Discharges

Discharges

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If the offence for which someone is sentenced is trivial, or there are special circumstances relating to the offender, which means that “it is inexpedient to inflict punishment“, the a court can ‘discharge’ the individual. This can be either conditionally or unconditionally (the latter being called an absolute discharge).

Discharges are often treated differently from other forms of sentences. For example, it does not count as a Community Order. Also, an offence which leads to a discharge does not count as a qualifying offence for the purpose of a mandatory sentence, nor can it trigger a breach of a suspended sentence.

A discharge is available for almost all offences. The exceptions being where there is a mandatory sentence (for example – murder) or it has been specifically excluded by Parliament (for example – Breach of an ASBO).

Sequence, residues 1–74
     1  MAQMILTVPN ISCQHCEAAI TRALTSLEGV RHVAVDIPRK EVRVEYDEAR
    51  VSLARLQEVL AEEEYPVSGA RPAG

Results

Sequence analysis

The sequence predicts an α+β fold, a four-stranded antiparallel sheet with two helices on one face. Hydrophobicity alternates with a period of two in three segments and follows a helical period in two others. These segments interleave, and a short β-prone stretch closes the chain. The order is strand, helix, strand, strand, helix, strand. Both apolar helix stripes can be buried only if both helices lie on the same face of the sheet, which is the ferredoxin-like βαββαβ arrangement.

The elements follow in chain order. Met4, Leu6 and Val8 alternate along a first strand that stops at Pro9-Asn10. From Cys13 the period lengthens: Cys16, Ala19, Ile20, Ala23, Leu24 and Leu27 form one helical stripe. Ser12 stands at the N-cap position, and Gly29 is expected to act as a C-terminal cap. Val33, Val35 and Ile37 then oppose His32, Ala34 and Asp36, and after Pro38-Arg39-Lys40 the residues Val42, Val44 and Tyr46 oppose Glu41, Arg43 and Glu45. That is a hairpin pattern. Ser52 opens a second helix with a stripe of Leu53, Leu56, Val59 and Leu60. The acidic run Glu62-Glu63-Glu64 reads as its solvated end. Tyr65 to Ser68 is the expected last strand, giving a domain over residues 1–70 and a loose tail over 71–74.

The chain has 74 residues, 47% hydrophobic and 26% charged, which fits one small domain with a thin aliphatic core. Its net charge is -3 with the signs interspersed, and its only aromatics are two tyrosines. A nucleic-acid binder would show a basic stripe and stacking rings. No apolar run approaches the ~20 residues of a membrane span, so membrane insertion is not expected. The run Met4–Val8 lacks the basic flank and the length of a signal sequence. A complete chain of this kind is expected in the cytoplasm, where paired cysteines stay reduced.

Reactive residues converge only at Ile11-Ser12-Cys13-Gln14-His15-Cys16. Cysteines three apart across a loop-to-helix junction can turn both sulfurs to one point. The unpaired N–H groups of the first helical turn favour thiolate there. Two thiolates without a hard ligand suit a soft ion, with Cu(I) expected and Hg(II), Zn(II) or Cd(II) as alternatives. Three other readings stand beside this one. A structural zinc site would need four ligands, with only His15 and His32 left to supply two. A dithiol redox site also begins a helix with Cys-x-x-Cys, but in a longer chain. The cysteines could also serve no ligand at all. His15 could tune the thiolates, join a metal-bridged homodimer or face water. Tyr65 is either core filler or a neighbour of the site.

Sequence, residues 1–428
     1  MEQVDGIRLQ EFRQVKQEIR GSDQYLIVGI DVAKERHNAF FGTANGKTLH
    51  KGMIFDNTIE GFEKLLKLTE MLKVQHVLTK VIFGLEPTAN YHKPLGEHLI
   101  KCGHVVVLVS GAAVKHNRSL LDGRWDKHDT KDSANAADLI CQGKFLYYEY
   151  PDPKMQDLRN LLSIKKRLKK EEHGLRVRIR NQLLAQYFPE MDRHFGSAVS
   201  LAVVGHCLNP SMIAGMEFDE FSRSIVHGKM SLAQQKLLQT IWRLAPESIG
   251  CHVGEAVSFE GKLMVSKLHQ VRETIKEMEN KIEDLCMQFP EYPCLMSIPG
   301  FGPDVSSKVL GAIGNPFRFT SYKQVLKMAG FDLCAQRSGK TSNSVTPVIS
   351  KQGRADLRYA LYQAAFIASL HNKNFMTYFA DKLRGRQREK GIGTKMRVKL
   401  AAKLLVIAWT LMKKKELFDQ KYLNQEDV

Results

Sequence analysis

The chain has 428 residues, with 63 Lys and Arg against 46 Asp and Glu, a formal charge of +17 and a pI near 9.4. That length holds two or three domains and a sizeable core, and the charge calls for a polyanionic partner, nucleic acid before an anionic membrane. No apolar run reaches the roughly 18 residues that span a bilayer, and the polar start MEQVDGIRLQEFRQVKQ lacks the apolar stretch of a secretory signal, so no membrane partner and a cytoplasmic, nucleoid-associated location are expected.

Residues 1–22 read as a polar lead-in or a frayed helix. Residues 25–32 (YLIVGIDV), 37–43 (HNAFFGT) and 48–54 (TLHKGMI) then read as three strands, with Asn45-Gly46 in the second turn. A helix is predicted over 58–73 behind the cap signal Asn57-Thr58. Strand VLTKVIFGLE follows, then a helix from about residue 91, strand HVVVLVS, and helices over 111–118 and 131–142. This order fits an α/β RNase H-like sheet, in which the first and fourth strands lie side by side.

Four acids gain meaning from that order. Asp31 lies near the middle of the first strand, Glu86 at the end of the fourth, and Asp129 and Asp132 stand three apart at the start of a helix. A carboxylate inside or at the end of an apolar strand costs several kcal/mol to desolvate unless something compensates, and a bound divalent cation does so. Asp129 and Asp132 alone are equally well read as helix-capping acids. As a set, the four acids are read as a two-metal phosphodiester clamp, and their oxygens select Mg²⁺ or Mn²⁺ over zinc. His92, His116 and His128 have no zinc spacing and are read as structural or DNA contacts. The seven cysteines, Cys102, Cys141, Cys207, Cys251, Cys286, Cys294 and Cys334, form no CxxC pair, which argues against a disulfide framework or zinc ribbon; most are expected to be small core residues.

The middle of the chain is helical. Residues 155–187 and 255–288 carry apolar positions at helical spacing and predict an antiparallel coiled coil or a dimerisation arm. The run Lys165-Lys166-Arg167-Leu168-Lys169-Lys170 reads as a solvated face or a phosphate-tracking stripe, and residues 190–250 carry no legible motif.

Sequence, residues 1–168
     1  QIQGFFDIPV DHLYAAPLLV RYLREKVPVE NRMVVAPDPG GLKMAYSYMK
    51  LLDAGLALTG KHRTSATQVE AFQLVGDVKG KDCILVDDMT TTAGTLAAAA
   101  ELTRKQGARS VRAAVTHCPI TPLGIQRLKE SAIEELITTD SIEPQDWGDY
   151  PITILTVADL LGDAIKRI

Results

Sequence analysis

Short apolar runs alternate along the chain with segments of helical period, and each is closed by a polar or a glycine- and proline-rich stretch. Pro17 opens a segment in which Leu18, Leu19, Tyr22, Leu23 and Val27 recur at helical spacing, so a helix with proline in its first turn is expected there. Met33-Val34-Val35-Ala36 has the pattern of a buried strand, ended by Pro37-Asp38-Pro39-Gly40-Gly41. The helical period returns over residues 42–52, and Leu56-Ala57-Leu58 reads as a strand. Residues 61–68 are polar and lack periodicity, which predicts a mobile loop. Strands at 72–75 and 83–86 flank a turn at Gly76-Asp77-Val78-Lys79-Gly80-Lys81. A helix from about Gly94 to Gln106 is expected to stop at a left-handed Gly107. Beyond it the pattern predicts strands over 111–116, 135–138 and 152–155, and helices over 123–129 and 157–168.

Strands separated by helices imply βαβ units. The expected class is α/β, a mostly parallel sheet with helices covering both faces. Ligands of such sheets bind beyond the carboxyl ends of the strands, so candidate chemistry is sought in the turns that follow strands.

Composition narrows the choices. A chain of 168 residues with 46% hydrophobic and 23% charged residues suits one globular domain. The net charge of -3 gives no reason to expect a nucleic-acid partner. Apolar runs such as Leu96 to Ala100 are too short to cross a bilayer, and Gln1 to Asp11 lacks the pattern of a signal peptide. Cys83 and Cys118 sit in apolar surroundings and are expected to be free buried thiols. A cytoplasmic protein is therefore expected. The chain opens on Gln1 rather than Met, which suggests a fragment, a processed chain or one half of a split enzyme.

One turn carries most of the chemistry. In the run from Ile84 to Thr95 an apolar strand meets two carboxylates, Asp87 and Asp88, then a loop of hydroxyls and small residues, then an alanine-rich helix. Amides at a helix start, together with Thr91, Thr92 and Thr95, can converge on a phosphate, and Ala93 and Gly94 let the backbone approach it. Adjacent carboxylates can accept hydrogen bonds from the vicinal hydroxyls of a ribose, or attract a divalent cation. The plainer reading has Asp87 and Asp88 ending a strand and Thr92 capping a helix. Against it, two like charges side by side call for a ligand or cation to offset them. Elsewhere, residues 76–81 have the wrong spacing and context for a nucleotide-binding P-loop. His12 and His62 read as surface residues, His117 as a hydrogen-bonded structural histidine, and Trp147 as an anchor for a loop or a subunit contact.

If a discharge is made, this cannot be combined with other sentences such as a Community Order (for the same offence). It can however be combined with an order for costs, compensation or confiscation, as well as a disqualification from driving and other ancillary orders.

There is no minimum period of the discharge if it is conditional. The maximum period is 3 years.

A court has no power to attach any conditions to a conditional discharge except for the one that is automatically there – not to commit any further offences. If there is no further offending, then that is the end of the matter. If there is a further offence committed, then the court can re-sentence the person to any sentence (subject to the maximum for the original offence).

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Lyndon is the General Editor of Current Sentencing Practice and the Criminal Appeal Reports (Sentencing)